Speaking about an Iranian land corridor, Netanyahu said that nobody can stop a truck from driving from Tehran to Damascus. "My policy is to stop trucks driving from Tehran to Kfar Sava," he said.
"That doesn't mean we're allowing Iran to establish itself militarily in Syria," Netanyahu continued. "They want to bring planes there, they want to bring army forces, warships and submarines. We are preventing this in practice. What's preventing it is Israel – only Israel," he said, adding that Iran needs to understand that if it wants to advance its ground, air and naval forces into Israel's back yard, it will be met with opposition. "The decision whether to escalate is in the hands of the Iranians," the prime minister said.
Asked about ties between Iran and countries like India and China, with which Netanyahu is trying to improve ties, he answered gingerly, "We have an interest in maintaining excellent relations with India and China as well. I understand the sensitivities and we are discussing that. too. Our improvement of ties is not designed against any specific country."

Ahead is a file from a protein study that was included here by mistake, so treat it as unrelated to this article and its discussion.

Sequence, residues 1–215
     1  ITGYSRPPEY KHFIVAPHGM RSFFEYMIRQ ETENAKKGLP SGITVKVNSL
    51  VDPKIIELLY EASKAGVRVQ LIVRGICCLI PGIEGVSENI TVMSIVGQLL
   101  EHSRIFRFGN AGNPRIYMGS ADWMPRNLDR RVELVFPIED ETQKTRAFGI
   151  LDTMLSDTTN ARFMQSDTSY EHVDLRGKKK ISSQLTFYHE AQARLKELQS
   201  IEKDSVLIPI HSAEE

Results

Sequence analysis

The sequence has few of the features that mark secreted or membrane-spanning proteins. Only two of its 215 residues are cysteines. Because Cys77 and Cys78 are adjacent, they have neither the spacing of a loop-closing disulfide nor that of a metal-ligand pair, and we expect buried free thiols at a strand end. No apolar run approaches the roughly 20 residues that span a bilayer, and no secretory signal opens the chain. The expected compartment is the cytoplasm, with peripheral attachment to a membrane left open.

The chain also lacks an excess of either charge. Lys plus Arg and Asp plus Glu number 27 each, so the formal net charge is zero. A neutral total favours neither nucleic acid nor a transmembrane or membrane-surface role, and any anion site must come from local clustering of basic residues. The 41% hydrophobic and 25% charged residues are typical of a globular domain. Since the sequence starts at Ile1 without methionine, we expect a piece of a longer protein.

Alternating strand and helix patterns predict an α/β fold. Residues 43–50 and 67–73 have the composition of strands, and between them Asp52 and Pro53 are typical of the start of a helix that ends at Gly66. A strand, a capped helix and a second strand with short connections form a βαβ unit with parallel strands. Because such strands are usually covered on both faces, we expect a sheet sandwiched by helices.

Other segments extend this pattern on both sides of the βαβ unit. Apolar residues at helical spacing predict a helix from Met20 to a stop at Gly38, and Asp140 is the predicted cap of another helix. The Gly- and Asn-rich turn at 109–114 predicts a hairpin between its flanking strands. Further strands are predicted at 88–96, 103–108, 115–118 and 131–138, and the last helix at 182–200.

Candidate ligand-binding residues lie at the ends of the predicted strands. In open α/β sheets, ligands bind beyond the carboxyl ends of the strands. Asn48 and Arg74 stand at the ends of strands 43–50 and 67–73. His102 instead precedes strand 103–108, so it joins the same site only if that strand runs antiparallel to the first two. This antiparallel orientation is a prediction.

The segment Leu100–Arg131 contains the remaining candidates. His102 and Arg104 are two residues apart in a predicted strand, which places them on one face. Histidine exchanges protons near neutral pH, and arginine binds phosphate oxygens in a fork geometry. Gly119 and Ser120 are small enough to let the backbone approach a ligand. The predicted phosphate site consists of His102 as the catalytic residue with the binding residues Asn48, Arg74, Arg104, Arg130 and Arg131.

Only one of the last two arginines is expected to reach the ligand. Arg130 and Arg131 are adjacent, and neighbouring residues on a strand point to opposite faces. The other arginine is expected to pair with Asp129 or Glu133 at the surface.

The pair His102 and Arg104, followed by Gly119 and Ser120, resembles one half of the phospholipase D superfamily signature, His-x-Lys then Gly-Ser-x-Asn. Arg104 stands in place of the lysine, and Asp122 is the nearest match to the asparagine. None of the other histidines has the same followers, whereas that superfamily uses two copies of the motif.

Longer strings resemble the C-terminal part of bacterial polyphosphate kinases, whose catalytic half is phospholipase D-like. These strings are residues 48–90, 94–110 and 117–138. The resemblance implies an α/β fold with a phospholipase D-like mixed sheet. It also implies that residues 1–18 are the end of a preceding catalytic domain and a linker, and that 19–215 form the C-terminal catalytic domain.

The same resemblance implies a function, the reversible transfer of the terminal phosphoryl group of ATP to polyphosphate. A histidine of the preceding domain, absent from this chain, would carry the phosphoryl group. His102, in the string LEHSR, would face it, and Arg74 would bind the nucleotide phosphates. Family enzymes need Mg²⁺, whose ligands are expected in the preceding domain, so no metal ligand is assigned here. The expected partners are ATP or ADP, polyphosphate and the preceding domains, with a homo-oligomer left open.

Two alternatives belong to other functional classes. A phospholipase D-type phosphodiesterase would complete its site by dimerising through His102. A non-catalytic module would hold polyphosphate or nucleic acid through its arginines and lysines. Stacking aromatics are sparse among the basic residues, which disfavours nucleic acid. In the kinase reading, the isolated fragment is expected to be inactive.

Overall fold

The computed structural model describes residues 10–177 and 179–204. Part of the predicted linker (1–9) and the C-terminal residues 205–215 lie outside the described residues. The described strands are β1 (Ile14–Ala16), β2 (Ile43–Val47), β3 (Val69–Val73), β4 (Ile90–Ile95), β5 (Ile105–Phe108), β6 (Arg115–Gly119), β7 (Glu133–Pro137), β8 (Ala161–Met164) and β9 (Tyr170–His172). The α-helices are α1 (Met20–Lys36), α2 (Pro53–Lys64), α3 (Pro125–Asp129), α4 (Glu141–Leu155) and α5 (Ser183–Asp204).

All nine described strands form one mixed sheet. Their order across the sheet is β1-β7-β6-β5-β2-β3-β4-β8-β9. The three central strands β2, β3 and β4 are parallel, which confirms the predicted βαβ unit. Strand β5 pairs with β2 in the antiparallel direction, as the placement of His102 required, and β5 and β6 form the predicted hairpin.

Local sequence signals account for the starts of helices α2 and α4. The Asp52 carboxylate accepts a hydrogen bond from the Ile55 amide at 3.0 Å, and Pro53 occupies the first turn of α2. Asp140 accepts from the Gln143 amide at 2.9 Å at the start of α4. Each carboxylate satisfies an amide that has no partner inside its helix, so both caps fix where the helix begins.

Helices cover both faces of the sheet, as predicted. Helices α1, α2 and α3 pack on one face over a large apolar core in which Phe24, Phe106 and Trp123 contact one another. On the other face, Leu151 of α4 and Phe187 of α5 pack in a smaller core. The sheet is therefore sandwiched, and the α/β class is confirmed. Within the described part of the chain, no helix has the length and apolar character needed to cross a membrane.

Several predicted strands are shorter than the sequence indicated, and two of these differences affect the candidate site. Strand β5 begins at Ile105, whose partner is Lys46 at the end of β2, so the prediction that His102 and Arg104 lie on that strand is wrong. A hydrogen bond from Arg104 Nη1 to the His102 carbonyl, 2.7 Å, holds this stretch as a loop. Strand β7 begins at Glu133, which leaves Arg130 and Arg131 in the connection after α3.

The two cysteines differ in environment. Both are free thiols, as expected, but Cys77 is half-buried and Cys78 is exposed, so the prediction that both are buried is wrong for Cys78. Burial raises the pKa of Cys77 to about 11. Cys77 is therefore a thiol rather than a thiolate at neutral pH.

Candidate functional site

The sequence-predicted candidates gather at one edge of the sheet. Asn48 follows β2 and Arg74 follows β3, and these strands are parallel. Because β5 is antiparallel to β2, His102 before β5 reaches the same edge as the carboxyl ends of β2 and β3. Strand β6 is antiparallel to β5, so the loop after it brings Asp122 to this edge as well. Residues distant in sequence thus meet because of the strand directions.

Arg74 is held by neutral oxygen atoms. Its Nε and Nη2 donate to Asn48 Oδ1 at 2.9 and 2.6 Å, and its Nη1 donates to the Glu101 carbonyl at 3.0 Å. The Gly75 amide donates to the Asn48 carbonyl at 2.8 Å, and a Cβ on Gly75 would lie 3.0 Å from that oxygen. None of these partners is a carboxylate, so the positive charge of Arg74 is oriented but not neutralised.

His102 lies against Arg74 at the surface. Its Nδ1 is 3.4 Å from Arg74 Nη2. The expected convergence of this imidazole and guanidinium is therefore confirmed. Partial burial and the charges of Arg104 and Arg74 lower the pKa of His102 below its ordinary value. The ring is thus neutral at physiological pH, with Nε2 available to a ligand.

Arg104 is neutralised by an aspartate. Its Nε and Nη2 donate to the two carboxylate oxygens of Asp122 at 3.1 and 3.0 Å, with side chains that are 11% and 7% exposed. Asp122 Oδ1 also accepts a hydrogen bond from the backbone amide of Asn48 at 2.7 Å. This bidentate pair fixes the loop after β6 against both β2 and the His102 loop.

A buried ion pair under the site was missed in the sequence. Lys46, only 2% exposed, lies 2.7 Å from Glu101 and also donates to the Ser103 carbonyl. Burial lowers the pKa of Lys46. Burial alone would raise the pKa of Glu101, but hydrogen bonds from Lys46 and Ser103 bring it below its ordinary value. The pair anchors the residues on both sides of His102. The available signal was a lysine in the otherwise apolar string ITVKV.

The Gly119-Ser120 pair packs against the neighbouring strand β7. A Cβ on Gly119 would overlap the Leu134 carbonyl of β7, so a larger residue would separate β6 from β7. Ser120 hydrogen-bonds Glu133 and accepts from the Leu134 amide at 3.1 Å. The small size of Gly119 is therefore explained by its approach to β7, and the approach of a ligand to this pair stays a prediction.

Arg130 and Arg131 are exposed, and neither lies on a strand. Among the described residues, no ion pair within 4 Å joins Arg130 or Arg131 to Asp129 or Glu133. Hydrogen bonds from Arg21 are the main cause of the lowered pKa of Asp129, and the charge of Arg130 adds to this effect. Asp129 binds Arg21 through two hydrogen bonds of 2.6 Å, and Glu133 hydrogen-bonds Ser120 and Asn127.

Annexing the West Bank?
Netanyahu also fielded a question about the Likud Central Committee's resolution to annex the West Bank to Israel, noting that the committee could resolve whatever it liked, and the government would also do so.
The prime minister then said, "I support wisdom and responsibility and firmness regarding our central interests," which he said include protecting Israel's security and settlements, as well as maneuvering vis--vis the international community.
Asked whether the illegal outpost of Havat Gilad would be legalized after a terror attack nearby killed 35-year-old Rabbi Raziel Shevach, he said that this option was under consideration. He noted that in the meantime, the outpost has been connected up to water and electricity.